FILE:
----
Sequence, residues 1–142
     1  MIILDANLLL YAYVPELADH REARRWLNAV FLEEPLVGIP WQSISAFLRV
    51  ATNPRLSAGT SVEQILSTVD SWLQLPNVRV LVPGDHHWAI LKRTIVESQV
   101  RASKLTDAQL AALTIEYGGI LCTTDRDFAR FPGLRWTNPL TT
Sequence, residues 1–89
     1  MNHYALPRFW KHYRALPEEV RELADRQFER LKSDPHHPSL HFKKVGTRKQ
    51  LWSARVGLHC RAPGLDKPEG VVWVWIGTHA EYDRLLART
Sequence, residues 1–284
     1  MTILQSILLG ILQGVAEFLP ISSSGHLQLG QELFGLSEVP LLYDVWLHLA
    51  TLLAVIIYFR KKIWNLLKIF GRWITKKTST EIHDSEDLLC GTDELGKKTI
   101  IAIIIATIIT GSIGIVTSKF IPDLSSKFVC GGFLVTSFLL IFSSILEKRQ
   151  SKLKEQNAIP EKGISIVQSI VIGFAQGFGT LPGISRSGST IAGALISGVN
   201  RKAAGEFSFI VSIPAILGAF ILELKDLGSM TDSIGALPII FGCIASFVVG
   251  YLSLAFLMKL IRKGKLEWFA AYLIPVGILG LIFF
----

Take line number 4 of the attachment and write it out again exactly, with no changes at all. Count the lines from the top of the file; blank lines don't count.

   101  RASKLTDAQL AALTIEYGGI LCTTDRDFAR FPGLRWTNPL TT